From TRU to the job of a lifetime. Adventure studies grad Kevin Hodder gets paid to travel to remote and exotic locations, and create challenges that might just take down teams of determined outdoor athletes.
Hodder has a key role in designing this year’s Eco-Challenge in Fiji from September 10 to 21—a physically and mentally challenging multi-day, team race that’s back after a 17-year hiatus.
What is Eco-Challenge?
In the race, teams of four adventure athletes consisting of both genders go non-stop, 24 hours a day as they race through picturesque and remote locations.
They navigate mountains, volcanic cliffs, narrow gorges, river crossings, white water, oceans and dense jungles by mountain bike, kayak, climbing and other means. At stake is $100,000 cash for first place, $50,000 for second and $25,000 for third. If one team member quits, the entire team is out.
The race tests courage, stamina, strength and friendships.
“I think we’ve put together the most challenging race course in the event’s history,” said Hodder, Eco-Challenge race manager. He was involved with the race’s safety and logistics from 1996 until it discontinued in 2002.
“I wouldn’t be surprised if only half of the 70 teams complete it.”
Hodder’s Eco-Challenge experience helped lead him to producing sporting events and competitions full-time for television. He’s worked on Survivor (CBS), Million Dollar Mile (CBS), Treasure Hunters (NBC), The Contender (NBC), 2010 Vancouver Olympics, Amazing Race (CBS), Love in the Wild (NBC), Get Out Alive with Bear Grylls (NBC) and Big Brother (CBS).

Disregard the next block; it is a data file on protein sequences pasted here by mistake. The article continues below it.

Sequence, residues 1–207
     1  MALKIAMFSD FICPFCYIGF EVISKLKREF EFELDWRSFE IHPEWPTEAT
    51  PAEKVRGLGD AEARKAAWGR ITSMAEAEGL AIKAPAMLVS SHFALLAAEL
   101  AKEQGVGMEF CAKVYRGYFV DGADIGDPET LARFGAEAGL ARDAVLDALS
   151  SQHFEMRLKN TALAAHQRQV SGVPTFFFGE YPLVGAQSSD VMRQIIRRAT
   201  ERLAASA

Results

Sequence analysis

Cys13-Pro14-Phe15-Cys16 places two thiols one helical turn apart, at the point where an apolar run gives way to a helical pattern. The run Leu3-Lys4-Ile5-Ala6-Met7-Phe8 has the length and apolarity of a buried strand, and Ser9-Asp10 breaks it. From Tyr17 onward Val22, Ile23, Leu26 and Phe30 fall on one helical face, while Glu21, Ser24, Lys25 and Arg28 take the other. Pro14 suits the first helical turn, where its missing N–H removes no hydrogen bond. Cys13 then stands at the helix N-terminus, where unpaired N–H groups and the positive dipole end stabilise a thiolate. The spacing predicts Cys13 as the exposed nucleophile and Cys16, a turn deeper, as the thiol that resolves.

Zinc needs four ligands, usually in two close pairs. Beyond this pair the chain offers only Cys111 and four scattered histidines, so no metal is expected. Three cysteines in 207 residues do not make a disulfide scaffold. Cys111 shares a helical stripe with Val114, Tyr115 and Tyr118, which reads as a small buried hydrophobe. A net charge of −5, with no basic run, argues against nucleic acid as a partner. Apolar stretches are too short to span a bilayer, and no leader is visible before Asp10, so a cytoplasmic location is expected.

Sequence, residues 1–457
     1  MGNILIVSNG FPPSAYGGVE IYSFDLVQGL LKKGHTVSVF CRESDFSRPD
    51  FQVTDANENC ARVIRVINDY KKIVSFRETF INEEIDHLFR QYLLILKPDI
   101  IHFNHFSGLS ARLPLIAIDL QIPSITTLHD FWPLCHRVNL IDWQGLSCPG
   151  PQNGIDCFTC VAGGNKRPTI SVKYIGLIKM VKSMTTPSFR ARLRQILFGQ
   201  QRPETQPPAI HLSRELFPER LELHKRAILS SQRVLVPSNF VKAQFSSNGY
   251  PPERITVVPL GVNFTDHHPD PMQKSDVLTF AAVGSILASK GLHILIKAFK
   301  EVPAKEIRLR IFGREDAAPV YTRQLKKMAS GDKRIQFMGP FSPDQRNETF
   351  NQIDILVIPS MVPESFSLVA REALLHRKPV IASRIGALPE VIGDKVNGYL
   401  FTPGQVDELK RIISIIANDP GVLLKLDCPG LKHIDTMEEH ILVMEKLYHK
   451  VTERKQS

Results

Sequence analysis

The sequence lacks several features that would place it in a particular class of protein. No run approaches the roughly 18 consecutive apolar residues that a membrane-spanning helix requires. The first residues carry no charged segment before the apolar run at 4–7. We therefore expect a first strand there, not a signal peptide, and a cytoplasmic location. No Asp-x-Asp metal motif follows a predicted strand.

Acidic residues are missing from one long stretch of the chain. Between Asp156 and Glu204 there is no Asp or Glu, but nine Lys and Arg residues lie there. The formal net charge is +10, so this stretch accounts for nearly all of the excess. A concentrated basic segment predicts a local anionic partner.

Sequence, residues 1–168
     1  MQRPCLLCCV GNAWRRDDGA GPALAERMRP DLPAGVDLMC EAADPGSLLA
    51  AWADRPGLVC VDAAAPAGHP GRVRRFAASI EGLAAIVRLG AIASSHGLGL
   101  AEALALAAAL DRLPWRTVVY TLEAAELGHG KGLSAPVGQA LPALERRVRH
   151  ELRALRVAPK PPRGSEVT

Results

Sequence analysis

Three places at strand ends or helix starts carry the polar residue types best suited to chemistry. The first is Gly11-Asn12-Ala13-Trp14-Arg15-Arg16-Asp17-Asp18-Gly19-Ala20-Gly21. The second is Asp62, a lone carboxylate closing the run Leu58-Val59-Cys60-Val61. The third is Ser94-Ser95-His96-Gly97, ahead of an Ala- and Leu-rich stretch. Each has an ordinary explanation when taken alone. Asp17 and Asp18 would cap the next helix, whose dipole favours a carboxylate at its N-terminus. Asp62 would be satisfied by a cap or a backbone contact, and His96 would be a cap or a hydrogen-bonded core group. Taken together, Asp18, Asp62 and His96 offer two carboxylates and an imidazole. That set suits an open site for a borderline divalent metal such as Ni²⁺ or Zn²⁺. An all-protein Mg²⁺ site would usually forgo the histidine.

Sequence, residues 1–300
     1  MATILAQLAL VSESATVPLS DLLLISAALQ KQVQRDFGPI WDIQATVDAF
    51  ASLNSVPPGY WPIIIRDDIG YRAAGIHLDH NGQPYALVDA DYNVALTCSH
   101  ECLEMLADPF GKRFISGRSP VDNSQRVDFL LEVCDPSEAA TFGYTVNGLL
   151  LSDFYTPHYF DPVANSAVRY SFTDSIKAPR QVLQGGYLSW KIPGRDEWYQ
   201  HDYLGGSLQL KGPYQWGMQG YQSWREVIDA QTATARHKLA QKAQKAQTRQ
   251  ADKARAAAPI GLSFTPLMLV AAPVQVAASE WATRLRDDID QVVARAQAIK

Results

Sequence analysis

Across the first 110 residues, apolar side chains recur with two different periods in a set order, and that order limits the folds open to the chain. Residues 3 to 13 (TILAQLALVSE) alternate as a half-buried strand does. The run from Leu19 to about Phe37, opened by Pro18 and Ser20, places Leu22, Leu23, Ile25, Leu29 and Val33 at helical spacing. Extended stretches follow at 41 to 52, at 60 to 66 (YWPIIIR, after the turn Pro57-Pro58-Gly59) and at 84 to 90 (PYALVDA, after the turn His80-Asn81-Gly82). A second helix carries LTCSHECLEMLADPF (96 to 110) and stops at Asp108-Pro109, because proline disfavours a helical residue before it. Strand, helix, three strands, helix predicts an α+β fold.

His start with Eco-Challenge
“When the Eco-Challenge came to BC in 1996, I was offered a job as a mountain safety guide for one of the camera crews. It was only about three weeks of work at the time, but it got my foot in the door and led to several great opportunities,” Hodder said. “Mark Burnett, the founder of Eco-Challenge, offered me the position of race co-ordinator the following year in Australia. I ended up working for him for over a decade from that point forward. It was a classic example of the small door opening into the big room.”
Adventure program teaches foundation skills
“Since I’m no longer guiding in the traditional sense, people ask how often I use the skills I learned at TRU. My answer? Every day. I am consistently required to manage risks, design logistics, write operations plans, work around helicopters, manage people, etc. Those are all things I learned about in the program.”
Other grads working Eco-Challenge
Along with Hodder, TRU grads Phil Gautier, Christy Long, Mat Valade and Brian Finestone are also working on the Fiji race. Another alum, LJ Wilson, worked Eco-Challenge with Hodder from 1999-2002.